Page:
Adding innovation to floor plan Modifications made to 'timeless traditional'


When Marianne Gillette and Bob Ryan decided to build a house in Sparks, they knew it would be nice. They just didn't know how nice.

"I can't believe we live here," says Ms. Gillette, surveying the spacious kitchen and family room in the 5,200-square-foot house on a private, wooded lot. "I never thought we'd be living in a place like this."

But that's what tinkering with floor plans can do for you.

The couple saw a good-sized house they liked in a plan book about two years ago. It was described as a "timeless traditional" with about 2,600 square feet of living space and a double garage.

They liked the exterior so much, they decided it was the house for them. But as they started working with the plans to create their "perfect dream house," rooms were enlarged, building materials upgraded, a third garage added and so many extras included that construction costs soared to almost $350,000, in addition to the cost of the lot.

"I originally thought we'd do a house for about $250,000. But Bob kept saying, 'If you want this and you want that, it's going to cost more. But we might as well do it right,' " says Ms. Gillette.

"I figure if you're going to spend a half-million dollars, you ought to be making the choices and getting what you want," adds Mr. Ryan, who served as architect for the project.

Ms. Gillette and Mr. Ryan, who lived in a Cape Cod house in Glendale, started looking at property in 1989. They bought the lot off William Court in Sparks because it was a good buy -- $89,000 when most similarly sized lots were going for $125,000 to $145,000.

Mr. Ryan, a counselor with the state Department of Health and Mental Hygiene, was born and raised in Sparks and committed to building there. Ms. Gillette, a project manager in marketing for McCormick & Co. in Hunt Valley, says she loved the large lot and rolling countryside nearby.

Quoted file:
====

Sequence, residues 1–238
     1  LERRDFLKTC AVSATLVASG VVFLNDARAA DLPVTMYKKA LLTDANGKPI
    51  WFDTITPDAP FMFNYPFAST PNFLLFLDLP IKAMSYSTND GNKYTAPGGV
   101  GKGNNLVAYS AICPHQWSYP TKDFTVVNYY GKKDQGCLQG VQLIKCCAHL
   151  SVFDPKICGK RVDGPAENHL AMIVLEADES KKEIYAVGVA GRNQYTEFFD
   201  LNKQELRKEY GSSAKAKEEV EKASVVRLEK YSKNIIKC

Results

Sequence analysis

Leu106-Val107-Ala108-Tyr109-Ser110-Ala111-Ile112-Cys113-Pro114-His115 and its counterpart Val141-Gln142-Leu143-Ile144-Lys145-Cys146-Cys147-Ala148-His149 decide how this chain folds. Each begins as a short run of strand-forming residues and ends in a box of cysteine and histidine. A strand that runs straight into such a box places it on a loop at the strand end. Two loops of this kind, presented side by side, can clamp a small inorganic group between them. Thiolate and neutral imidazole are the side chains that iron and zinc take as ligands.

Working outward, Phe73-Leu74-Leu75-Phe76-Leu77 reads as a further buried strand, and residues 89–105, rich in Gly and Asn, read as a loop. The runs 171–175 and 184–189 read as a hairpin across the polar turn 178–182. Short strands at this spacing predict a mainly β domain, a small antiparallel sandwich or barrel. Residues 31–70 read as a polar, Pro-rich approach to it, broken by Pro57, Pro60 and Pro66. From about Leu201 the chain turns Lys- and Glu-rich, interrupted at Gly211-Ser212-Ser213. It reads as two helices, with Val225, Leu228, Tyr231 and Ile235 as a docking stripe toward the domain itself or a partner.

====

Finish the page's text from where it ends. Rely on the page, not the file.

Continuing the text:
"We love the seclusion down here. We feel very private," she says.

The couple put hundreds of hours into the plans, poring over every inch of the house. They even had a set of blueprints made with their furniture drawn in, so they could be sure every electrical outlet and heating vent was in the right place.

In the family room, for example, electrical outlets are located under end tables, so cords don't extend to wall outlets. This was an important feature because the couple has two small boys -- Robbie, 4, and Charlie, 2 -- and they didn't want the boys tripping over lamp cords as they played in the family room.

A typed report the couple prepared, detailing the house's specifications, was 21 pages long. It included a custom-designed water system, two furnaces and "silent flooring," which uses specially made beams to keep floors from squeaking.

"It was so much detail, it was really tough," says Ms. Gillette. "And we were very involved, probably more involved than most. I came up every day during lunch while it was being built."

"And I came up every day after work," adds Mr. Ryan.

But the couple says they worked well with custom home builders Hagan & Hamilton of Timonium and their efforts paid off.

"I think it went pretty smoothly," says Mr. Ryan. "We got exactly what we wanted."

In addition to the kitchen and family room, the first floor holds formal living and dining rooms, a den, full bath and large laundry room. Upstairs are two large bedrooms, a 14-by-18-foot master bedroom with two walk-in closets and large bathroom, a hall bathroom for the boys and a huge "bonus" room over the three-car garage.

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